Tagged With sony nw-wm1z

Over the past few years, Sony has repositioned itself not as just a middling peddler of TVs and Blu-ray players and home audio gadgets like soundbars and Bluetooth speakers, but also the mass market leader in high resolution, super high quality personal audio devices. It's something the company has had credentials in since the original '70s Walkman, which genuinely revolutionised portable music in a way that wasn't equaled until the iPod.

Now, in 2016, at the 70th anniversary of Sony, the latest Walkman is the pinnacle of quality. That has culminated in a digital audio player that will cost you $4299 in Australia -- and that's before you buy an equally high quality and equally expensive pair of headphones.

Predicting the future is near impossible -- but that doesn‘t stop us all from having a red hot go. Human beings have been predicting the future since the beginning of history and the results range from the hilarious to the downright uncanny.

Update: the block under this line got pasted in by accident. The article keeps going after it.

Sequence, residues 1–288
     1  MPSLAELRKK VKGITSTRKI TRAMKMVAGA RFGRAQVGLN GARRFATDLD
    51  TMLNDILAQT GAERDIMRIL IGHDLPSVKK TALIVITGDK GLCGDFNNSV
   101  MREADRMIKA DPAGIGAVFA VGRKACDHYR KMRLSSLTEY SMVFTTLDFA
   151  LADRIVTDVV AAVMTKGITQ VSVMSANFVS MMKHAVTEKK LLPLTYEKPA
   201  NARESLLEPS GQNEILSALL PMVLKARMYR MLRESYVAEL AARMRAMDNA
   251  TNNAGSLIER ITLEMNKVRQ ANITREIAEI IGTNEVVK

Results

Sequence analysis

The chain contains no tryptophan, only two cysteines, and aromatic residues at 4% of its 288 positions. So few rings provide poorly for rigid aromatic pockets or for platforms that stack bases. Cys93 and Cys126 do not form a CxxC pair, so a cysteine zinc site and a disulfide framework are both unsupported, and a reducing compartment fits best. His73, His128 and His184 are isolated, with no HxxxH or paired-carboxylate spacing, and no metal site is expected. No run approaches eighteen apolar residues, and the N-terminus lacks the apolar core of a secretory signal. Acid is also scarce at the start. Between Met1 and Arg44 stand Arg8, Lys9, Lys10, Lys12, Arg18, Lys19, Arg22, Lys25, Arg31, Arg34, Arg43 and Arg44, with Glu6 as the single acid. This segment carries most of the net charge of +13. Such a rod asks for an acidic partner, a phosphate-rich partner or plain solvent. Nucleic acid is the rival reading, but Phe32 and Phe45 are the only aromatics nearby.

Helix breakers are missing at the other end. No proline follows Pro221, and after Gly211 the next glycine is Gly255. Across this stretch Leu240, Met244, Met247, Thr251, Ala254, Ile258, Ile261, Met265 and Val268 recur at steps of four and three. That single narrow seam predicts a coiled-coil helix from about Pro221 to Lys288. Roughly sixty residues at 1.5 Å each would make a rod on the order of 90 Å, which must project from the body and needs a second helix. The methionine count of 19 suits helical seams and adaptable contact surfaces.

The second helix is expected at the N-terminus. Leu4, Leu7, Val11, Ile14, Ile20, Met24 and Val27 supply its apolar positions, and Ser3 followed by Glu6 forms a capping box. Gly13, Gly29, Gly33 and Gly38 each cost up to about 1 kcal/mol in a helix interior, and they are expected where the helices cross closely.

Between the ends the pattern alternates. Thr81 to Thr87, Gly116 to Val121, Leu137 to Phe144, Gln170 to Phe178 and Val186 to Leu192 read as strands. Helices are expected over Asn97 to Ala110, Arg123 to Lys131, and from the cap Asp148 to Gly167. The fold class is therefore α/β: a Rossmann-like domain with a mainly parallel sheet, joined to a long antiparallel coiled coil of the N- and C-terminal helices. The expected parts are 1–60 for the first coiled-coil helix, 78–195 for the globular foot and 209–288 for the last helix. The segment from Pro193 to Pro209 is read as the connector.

One thing all future predictions have in common: they‘re rooted in our current understanding of how the world works. It‘s difficult to escape that mindset. We have no idea how technology will evolve, so our ideas are connected to the technology of today.

Over the past few years, Sony has repositioned itself not as just a middling peddler of TVs and Blu-ray players and home audio gadgets like soundbars and Bluetooth speakers, but also the mass market leader in high resolution, super high quality personal audio devices. It's something the company has had credentials in since the original '70s Walkman, which genuinely revolutionised portable music in a way that wasn't equaled until the iPod.

Now, in 2016, at the 70th anniversary of Sony, the latest Walkman is the pinnacle of quality. That has culminated in a digital audio player that will cost you $4299 in Australia -- and that's before you buy an equally high quality and equally expensive pair of headphones.